For almost two decades after it opened in 1913, Michigan’s Central Station was a major stop on the nation’s interurban rail network. Then the private car took over the US, and Detroit declined. By the 1970’s, auto jobs were leaving the state and the country and local corruption was soaring. At the turn of the century, the train depot and the 18-story office towers behind it had been abandoned for 30 years, the faded exterior looming over Detroit’s Corktown and Mexicantown neighborhoods, a sign that things were going very poorly in Detroit.
By 2018, the city and Ford Motor Company were ready to tell another story. That year, Ford announced that it had acquired the station and the area surrounding it, a monument to the kind of transportation past that the automaker and its manufacturing brethren had all but killed.
Today, Ford executives and city government and community leaders will hold an opening ceremony for one building on the station’s new campus, part of a $950 million project it is calling Michigan Central. (The state of Michigan contributed some additional $126 million in new and existing financing to the project.) The new building, called the Book Depository, will serve as an innovation collaboration space for transportation entrepreneurs and researchers.
Bill Ford, executive chair of Ford, says the campus’ redevelopment is a sign. “Michigan Central will go from being a story about Detroit’s decay to the story about Detroit’s rebirth,” he says, a second act that will see the city become home to tech- and auto-centric jobs that will build the next generation of transport. “This will be the first tangible evidence that that vision is coming to life,” says Ford, who is also a great-grandson of both company founder Henry Ford and tire magnate Harvey Firestone.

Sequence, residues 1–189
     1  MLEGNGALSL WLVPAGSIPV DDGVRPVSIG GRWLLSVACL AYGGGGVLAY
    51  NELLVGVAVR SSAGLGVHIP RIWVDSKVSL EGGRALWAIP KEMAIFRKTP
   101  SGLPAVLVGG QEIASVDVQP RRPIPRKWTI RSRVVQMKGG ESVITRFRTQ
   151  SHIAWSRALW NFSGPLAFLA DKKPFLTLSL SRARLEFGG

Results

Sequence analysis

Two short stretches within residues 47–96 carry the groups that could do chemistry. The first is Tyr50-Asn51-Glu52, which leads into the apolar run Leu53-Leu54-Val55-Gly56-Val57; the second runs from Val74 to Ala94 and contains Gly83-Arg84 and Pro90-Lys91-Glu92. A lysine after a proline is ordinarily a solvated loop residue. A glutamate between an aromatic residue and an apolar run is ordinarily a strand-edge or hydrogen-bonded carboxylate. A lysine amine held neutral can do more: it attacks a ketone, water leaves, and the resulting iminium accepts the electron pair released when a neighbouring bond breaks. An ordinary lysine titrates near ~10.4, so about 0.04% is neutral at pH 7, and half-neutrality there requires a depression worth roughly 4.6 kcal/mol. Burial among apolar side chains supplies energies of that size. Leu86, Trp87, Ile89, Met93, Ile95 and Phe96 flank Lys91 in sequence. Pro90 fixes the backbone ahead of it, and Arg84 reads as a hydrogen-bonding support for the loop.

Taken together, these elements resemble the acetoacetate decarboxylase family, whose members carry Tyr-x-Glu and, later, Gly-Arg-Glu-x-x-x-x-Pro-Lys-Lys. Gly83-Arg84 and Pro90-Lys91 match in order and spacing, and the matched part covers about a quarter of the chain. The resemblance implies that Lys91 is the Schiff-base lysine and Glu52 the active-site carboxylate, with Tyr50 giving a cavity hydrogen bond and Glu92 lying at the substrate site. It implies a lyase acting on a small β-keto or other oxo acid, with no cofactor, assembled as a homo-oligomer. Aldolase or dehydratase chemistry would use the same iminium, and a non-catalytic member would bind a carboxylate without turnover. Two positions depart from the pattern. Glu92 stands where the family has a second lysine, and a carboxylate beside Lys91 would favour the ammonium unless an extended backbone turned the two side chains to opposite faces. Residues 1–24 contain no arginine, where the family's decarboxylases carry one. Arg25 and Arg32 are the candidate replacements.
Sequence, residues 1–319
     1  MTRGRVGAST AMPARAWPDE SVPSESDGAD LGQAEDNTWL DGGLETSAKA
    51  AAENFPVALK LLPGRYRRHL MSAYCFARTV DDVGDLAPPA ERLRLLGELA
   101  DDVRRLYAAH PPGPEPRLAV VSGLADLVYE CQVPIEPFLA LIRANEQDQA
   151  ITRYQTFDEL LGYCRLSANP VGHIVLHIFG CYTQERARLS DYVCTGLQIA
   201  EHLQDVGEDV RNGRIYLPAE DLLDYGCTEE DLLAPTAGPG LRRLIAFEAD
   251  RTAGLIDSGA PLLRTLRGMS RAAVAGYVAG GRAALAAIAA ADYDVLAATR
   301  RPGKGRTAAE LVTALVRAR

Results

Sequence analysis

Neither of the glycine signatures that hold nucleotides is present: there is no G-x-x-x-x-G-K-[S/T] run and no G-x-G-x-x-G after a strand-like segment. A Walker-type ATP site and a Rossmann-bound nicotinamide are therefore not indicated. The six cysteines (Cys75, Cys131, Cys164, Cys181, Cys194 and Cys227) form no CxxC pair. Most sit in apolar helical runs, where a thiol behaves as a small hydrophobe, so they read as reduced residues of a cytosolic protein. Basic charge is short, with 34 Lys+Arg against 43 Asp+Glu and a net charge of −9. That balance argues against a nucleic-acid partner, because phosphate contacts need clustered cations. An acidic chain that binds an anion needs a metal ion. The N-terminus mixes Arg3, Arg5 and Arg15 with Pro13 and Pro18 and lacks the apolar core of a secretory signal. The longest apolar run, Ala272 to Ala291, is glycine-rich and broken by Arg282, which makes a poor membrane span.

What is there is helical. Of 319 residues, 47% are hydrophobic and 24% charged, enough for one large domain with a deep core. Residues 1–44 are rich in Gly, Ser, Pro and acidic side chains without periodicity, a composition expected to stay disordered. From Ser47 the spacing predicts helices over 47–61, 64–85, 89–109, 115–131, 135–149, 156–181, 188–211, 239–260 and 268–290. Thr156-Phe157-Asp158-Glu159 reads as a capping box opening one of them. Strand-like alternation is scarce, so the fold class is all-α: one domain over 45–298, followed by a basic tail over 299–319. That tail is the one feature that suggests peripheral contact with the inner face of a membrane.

Ford is part of a broader movement to revitalize downtown Detroit, though its effects are not yet clear. Detroit lost almost half of its population between 1950 and 2000. Though new downtown sports stadiums, restaurants, and housing developments have strengthened the case of local optimists who see a resurgence underway, recent US censuses suggest that the region continued to bleed residents in the past decade, perhaps due in part to the Covid-19 pandemic. (The city has sued the US Census Bureau over the results, alleging that feds undercounted minority residents, which affects government funding.)
Ford expects many other businesses to move onto the 30-acre Michigan Central campus, which includes 14 acres of park space open to the public. Today’s opening focuses on the Book Depository, a nearly 100-year-old building across the street from the Central Station that once played host to the Detroit public schools’ store of books, records, and supplies. Now, it will serve as a 270,000-square-foot maker and startup space focused on mobility, a potential spawning ground for future Ford partners. Even before the building’s official opening today, more than 25 companies representing 150 employees have taken up residence at the Book Depository, Michigan Central officials say, representing firms working on autonomous and electric vehicles, roadways built just for robot cars, and air pollution. They are all associated with an organization called Newlab, a manufacturing incubator that has already launched an innovation space in Brooklyn’s Navy Yard.